Content » Vol 100, September

Investigative Report

MicroRNA-106b Regulates Expression of the Tumour Suppressors p21 and TXNIP and Promotes Tumour Cell Proliferation in Mycosis Fungoides

Lise M. Lindahl1, Maria Gluud2, Thomas Emmanuel1, Emil A. Thomsen3, Tengpeng Hu2, Anne H. Rittig1, Pamela Celis4, Veronica Stolearenco2, Thorbjørn Krejsgaard2, Claus Johansen1, Andreas Willerslev-Olsen2, Terkild B. Buus2, Anders Woetmann2, Lars Aagaard3, Carsten Geisler2, Thomas Litman2, Jacob G. Mikkelsen3, Niels Odum2 and Lars Iversen1

1Department of Dermatology, Aarhus University Hospital, Aarhus, 2LEO Foundation Skin Immunology Research Center, Department of Immunology and Microbiology, University of Copenhagen, Copenhagen, 3Department of Biomedicine, and 4Department of Molecular Medicine, Aarhus University, Aarhus, Denmark


A prognostic 3-miRNA classifier for early-stage mycosis fungoides has been developed recently, with miR-106b providing the strongest prognostic power. The aim of this study was to investigate the molecular function of miR-106b in mycosis fungoides disease progression. The cellular localization of miR-106b in mycosis fungoides skin biopsies was determined by in situ hybridization. The regulatory role of miR-106b was assessed by transient miR-106b inhibitor/mimic transfection of 2 mycosis fungoides derived cell lines, followed by quantitative real-time PCR (RT-qPCR), western blotting and a proliferation assay. MiR-106b was found to be expressed by dermal T-lymphocytes in mycosis fungoides skin lesions, and miR-106b expression increased with advancing mycosis fungoides stage. Transfection of miR-106b in 2 mycosis fungoides derived cell lines showed that miR-106b represses the tumour suppressors cyclin-dependent kinase inhibitor 1 (p21) and thioredoxin-interacting protein (TXNIP) and promotes mycosis fungoides tumour cell proliferation. In conclusion, these results substantiate that miR-106b has both a functional and prognostic role in progression of mycosis fungoides.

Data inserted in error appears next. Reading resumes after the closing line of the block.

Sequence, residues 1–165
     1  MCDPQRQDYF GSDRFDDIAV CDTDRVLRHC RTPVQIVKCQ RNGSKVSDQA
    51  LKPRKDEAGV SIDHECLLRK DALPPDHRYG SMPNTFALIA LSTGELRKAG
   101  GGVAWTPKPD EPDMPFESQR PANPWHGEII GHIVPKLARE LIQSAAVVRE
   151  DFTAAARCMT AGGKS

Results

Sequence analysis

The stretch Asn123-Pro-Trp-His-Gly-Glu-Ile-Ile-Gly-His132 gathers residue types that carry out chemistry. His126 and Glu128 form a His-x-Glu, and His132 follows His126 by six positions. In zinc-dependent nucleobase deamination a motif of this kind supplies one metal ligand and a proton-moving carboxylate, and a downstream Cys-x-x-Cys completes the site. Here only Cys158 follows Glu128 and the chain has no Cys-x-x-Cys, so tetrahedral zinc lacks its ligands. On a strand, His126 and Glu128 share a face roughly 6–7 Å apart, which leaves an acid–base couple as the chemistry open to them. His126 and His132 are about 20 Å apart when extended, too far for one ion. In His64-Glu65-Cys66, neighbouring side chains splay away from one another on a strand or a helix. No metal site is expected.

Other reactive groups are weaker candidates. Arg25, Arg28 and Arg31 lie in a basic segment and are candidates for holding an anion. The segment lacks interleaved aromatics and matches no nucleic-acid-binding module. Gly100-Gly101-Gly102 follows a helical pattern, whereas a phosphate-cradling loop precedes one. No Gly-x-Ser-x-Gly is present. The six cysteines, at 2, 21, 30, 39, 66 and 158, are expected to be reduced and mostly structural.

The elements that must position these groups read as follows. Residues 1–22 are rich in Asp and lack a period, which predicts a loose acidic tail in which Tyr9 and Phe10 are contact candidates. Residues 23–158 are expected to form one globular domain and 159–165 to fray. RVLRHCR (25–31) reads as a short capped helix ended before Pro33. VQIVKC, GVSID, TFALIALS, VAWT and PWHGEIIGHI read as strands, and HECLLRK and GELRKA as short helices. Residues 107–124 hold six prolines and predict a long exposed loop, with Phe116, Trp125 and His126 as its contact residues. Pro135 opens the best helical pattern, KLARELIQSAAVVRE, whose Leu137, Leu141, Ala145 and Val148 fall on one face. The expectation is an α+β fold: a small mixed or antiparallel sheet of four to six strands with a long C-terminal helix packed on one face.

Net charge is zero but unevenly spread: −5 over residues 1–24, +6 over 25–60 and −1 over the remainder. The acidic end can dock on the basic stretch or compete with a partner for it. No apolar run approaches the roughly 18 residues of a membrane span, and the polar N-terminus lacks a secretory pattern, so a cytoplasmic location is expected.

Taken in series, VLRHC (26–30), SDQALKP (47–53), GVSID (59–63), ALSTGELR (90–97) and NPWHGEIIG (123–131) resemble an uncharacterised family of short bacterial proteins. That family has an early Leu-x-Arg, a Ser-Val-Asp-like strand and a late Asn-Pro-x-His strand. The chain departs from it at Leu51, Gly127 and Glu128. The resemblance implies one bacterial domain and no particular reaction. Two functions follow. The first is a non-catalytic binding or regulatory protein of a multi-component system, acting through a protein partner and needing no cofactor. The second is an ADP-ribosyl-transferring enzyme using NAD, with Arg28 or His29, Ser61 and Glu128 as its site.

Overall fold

Key words: mycosis fungoides; cutaneous T-cell lymphoma; microRNA; progression; tumour suppressors; p21; TXNIP.

Accepted Jun 16, 2020; Epub ahead of print Jun 18, 2020

Acta Derm Venereol 2020; 100: adv00270.

doi: 10.2340/00015555-3574

Corr: Lise M. Lindahl, Department of Dermatology, Aarhus University Hospital, Palle Juul-Jensens Blvd 99, DK-8200 Aarhus N, Denmark. E-mail:


MiR-106b was identified recently as having the strongest prognostic power in a prognostic 3-miRNA classifier developed and validated for early-stage mycosis fungoides. This study provides evidence for miR-106b as a molecular driver of mycosis fungoides disease progression. MiR-106b downregulates the tumour suppressors cyclin-dependent kinase inhibitor 1 (p21) and thioredoxin-interacting protein (TXNIP) and promotes tumour cell proliferation in mycosis fungoides. Thus, miR-106b is both a prognostic marker and a functional driver of disease progression in mycosis fungoides and may serve as a potential new therapeutic target for mycosis fungoides.


Cutaneous T-cell lymphoma (CTCL) is a group of non-Hodgkin’s lymphomas, with mycosis fungoides (MF) representing the most common subtype (1). MF is characterized by proliferation of malignant T cells in a chronic inflammatory microenvironment in the skin (2). Epigenetic changes (3–5), gene expression alterations (6), in addition to genetic (7) and environmental factors (8, 9) have been linked to the aetiology of MF, which is still far from understood.